“It’s an epic that we’re putting together, and we’re incredibly excited about it,” he said.

Even so, fans still have unanswered questions about the upcoming reboot. As DC continues to announce its 52 superhero titles getting the treatment, fans can’t help but wonder what will change. For example, after giving Wonder Woman pants, what will Lee do to modernize DC’s other heavy hitters, Batman and Superman?

DC wouldn’t tell CNN. Guess we’ll have to wait and see.

Of course, while you’re waiting for all the changes, you might want to relive the old looks and the old stories through some of the awesome figures we’ve got over in our DC Section! Check ’em out while they last.

The Wonder Woman Redesign

So that’s the new Wonder Woman? Well, for now anyway before her outfit invariably goes the way of Superman’s lightning-inspired blue outfit or those horrible days where he rocked (or really, failed to rock) a mullet. Jim Lee’s responsible for the redesign and I have to say I’m not a fan. She looks young and hip for 1990, but nothing like the Amazonian warrior she is meant to. And while I am the first to suggest that many female heroes need costume updates to add some of the Nolanverse-Batman practicality above the “how does my cleavage look in this?”-motivated outfits they’re currently sporting, Wonder Woman is one of the few whose revealing outfit actually makes some sense with her roots and her back story.

But anything I could add to the critique of the look is more than covered in this brilliant article by Comic Book Resource’s Sonia Harris (click to visit her page on CBR). It’s an awesome, respectful and intelligent response and I love it.

As a designer, I love clothing. It is basically packaging for humans. Just like packaging, the function is two-fold; 1) Packaging gives a clear indication of what is inside, and 2) Packaging facilitates the use of whatever it contains. Extending this to clothing then, the primary function of any item of clothing is to convey something clear about the wearer to world, and then to create ease and efficacy of movement. In many ways a superhero costume (or more realistically, a uniform for work) must do this even more blatantly. People must be able to immediately recognize the job and stay out of the heroes way.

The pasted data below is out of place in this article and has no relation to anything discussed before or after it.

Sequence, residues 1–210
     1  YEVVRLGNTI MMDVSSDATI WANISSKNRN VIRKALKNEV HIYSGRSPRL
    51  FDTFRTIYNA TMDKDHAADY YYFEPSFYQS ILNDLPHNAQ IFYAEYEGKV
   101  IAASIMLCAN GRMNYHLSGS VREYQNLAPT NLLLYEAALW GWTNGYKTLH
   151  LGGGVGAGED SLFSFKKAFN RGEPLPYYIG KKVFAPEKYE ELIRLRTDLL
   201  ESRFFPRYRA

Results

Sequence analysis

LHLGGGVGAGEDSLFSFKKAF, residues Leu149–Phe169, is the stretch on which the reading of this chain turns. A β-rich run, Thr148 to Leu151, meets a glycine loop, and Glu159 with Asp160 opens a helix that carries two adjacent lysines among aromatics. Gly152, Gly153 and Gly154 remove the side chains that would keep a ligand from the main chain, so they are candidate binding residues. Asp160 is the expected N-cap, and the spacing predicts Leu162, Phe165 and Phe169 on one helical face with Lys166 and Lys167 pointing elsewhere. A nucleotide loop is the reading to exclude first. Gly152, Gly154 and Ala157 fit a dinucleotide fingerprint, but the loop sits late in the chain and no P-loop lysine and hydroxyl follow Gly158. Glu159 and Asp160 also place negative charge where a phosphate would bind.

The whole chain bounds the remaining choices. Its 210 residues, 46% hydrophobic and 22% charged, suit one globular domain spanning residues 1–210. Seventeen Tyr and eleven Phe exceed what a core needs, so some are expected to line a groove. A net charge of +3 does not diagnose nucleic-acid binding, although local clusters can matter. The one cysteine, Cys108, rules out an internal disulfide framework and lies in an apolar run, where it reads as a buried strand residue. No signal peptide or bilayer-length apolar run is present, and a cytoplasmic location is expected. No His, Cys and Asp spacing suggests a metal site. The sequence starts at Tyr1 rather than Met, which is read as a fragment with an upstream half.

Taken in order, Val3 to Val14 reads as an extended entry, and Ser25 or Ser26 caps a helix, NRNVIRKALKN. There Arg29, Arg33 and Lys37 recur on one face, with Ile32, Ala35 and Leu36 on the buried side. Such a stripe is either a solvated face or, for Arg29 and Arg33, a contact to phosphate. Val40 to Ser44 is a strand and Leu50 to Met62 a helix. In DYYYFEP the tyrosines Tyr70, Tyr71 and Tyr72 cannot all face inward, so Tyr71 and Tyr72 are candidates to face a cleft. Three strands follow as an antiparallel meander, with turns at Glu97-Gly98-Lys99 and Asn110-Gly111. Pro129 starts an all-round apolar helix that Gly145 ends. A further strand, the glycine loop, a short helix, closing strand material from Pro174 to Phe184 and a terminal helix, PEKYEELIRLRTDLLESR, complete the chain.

A pet peeve of mine is people who can use design software, and so they call themselves designers, (despite no experience or training in the field.) Even though I am able to cook, I would never call myself a chef. Similarly, just because a comic book artist is able to draw clothing, that does not make them stylists or fashion designers. When was the last time a woman asked a geeky man to help her buy clothing (other than maybe some fetish wear)? Men have a tendency to take one glance at mall fashion in their teens, and never look again. Never was this more obvious than in comic books, and the new Wonder Woman costume has to be the pinnacle of this kind of folly. In comic books luckily men are rarely called upon to draw civilians, but when they do, men consistently draw women in clothing that would only have worked 10 or 20 years ago. Sadly, none of them think to employ the advice of stylists or designers. Alexander McQueen and Vivienne Westwood have designed superheroic clothing that is 20 years ahead of it’s time. For the first time in history, fashion is looking to comic books for inspiration, so why is Jim Lee throwing out everything that is so super about Wonder Woman’s costume now? Let us dissect some of the most egregious errors that have been made here: